At the Clovis Cemetery, Aundria Crawford's tombstone features a photo of her sandwiched by images of ballet slippers and a barrel-racing horse.
While those engravings offer clues to Crawford's joys in life, the epitaph below suggests a grim ending.
"Though taken in darkness, you will live in light forever," the marker reads.
Ten years ago, Crawford was abducted from her San Luis Obispo apartment in the middle of the night. Her remains were found April 23, 1999, near the rural home of her killer.
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Rex Krebs, a sex offender living in Avila Valley, was convicted in 2001 of killing Crawford and another 20-year-old San Luis Obispo college student, Rachel Newhouse. He was sentenced to die. While Krebs will likely live at least 15 more years on death row as his appeals are heard, his victims live in memory only.
"I am angry, bitter, sad," Crawford's mother, Gail Eberhart, wrote in an e-mail. "I cry almost every day. I never listen to music any more unless someone else happens to have it on."
Even after a decade, Newhouse's parents have chosen not to publicly discuss the case. (They've also never spoken to Eberhart.) Eberhart chose to answer questions only via e-mail.
"I have gone into hiding, I guess," wrote Eberhart, who moved from Clovis to Washington state after her daughter was murdered. "I have no new friends. I rarely or never see old friends. I live with my mom and finally went back to work a little over a year ago."
Eberhart called police March 12, 1999, when pages to her daughter went unanswered. Soon afterward, Crawford was determined to be missing, and Eberhart and her mother temporarily moved to the area to search for her. They looked under bridges and in trash heaps, to no avail.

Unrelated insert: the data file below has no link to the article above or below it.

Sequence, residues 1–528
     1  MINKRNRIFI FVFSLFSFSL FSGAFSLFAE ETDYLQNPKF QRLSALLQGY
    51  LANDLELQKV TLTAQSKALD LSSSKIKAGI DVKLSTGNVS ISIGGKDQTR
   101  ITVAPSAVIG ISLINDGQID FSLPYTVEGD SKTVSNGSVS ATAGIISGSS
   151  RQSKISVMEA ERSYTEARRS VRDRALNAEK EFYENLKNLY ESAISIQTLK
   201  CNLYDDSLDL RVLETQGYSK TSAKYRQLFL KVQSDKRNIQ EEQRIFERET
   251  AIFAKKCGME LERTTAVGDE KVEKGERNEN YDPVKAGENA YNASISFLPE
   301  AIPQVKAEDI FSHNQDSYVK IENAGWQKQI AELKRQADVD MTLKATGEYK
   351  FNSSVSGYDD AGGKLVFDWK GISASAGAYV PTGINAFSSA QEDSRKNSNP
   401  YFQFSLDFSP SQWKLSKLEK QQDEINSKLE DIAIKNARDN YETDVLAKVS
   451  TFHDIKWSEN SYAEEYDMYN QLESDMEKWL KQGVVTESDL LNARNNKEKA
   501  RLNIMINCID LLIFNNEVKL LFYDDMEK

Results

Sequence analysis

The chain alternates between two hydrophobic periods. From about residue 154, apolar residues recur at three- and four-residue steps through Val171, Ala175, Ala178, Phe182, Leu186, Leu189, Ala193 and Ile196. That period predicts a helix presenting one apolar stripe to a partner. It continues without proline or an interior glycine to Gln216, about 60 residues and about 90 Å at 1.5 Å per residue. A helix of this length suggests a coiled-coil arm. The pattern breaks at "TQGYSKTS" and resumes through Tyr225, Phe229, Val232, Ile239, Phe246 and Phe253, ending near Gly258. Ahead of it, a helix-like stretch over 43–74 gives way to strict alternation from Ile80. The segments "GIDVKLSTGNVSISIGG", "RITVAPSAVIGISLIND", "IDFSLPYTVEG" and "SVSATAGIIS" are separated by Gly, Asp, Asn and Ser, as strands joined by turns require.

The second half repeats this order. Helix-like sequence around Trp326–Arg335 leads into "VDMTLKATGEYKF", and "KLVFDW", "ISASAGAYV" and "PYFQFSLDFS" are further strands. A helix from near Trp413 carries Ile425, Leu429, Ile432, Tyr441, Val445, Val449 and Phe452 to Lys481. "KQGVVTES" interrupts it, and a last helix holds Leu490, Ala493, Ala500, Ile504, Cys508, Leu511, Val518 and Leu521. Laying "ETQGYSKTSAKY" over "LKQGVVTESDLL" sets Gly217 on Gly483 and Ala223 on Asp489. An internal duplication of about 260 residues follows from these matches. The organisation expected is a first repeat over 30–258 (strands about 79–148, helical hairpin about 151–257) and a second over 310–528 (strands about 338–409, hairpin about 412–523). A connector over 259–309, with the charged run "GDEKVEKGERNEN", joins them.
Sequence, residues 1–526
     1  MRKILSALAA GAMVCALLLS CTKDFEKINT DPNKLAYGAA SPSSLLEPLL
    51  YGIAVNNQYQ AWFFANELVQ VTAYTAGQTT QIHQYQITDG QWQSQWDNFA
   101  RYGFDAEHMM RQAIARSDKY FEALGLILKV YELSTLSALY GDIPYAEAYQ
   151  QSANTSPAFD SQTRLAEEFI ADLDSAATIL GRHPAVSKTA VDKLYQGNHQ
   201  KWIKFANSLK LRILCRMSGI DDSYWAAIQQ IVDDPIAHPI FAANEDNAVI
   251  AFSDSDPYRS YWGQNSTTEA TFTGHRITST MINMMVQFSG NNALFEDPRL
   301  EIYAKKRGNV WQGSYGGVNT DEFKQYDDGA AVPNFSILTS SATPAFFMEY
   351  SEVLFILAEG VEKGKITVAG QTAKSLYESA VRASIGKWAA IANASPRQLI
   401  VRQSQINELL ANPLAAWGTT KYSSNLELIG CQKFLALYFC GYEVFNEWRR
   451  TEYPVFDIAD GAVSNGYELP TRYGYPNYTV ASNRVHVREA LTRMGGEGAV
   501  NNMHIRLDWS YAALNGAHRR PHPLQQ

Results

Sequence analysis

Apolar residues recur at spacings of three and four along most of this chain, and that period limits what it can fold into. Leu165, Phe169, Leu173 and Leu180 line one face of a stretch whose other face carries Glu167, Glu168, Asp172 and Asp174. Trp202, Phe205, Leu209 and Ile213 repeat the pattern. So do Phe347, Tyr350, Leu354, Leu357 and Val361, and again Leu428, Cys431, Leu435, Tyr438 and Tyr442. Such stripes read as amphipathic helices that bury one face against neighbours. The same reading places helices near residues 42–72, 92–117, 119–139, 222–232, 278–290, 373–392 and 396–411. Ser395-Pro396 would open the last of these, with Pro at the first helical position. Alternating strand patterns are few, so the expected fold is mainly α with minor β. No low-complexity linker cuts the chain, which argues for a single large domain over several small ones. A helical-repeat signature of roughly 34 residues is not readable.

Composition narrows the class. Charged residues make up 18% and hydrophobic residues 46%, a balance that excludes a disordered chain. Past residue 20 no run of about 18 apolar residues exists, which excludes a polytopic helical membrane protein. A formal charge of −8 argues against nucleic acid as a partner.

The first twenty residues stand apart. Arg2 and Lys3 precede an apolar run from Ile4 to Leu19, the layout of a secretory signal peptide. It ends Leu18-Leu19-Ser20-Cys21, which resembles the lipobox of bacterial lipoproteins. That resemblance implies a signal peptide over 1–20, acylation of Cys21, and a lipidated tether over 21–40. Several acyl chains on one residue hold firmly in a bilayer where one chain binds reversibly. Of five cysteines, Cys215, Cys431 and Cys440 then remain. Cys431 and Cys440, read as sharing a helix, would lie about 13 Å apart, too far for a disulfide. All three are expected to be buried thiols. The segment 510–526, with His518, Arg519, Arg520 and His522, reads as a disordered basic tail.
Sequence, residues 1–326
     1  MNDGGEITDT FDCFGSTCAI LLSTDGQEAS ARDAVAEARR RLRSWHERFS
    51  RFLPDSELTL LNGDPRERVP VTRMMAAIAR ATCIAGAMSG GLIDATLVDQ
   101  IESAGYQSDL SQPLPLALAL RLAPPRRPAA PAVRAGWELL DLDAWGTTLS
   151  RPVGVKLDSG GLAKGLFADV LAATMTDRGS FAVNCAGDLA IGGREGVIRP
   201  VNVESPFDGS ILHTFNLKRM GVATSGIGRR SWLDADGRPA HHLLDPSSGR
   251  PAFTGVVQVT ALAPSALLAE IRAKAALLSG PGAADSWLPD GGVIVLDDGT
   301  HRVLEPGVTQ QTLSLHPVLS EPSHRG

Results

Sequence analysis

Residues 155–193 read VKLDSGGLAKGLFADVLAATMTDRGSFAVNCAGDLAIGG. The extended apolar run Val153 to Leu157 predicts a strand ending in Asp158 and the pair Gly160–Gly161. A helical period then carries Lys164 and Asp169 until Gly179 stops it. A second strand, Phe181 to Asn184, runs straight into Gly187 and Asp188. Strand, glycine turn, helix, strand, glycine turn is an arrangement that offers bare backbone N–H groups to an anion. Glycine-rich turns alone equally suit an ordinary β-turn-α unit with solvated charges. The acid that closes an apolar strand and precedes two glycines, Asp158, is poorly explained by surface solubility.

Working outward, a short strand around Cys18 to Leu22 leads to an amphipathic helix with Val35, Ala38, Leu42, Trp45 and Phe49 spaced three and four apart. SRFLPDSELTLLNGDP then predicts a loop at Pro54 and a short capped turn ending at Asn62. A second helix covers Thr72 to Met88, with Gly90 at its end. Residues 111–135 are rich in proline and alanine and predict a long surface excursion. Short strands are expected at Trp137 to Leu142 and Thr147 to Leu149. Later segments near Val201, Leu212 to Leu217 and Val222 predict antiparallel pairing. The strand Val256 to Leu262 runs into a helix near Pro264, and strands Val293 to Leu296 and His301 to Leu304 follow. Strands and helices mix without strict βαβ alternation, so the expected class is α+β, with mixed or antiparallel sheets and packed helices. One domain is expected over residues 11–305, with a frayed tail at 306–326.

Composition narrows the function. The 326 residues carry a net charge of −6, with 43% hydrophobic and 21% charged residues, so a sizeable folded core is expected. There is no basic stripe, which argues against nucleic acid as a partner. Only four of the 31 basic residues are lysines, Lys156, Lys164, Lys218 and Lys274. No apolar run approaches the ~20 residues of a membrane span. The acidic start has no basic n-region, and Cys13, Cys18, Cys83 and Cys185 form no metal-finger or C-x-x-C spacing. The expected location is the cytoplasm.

Today, Eberhart said, she constantly thinks about the everyday experiences she shared with her daughter.
"I will never get to hug her again," she wrote.
She said her daughter was a kind person who didn't judge people.
"She always wanted to help others first. Just like the student that was on crutches that told her story about how Aundria was the only person that stopped and helped her carry her books to class even though it would make Aundria late to her class. She always had time to stop and help someone else."
Crawford liked monster trucks, animals and country music. As a student at Bullard High School, she struggled, though she eventually overcame academic problems and attended Fresno City College and then Cuesta College in San Luis Obispo County.
Crawford studied interior design at Cuesta with plans to transfer to Cal Poly, San Luis Obispo. She dreamed of owning a horse ranch in Wyoming.
"She would have married, had children and a career," Eberhart wrote. "She had written a paper for a class there at Cuesta outlining all of this."